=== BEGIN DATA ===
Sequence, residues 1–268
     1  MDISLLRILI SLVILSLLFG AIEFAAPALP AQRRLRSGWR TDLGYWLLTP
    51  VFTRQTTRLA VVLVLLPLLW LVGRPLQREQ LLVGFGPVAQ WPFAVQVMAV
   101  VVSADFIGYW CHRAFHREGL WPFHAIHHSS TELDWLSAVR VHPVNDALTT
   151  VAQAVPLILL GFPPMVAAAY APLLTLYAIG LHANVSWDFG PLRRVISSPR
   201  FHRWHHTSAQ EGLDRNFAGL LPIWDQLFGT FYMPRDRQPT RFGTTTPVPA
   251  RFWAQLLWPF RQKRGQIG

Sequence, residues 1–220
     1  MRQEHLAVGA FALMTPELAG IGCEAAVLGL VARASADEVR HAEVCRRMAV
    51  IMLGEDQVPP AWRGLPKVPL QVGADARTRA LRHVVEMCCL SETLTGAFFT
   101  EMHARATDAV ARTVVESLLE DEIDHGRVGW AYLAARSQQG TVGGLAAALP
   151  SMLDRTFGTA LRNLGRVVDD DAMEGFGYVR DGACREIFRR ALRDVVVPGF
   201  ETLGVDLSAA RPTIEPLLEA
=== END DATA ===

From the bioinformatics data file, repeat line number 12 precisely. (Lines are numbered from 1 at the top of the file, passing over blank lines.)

   151  SMLDRTFGTA LRNLGRVVDD DAMEGFGYVR DGACREIFRR ALRDVVVPGF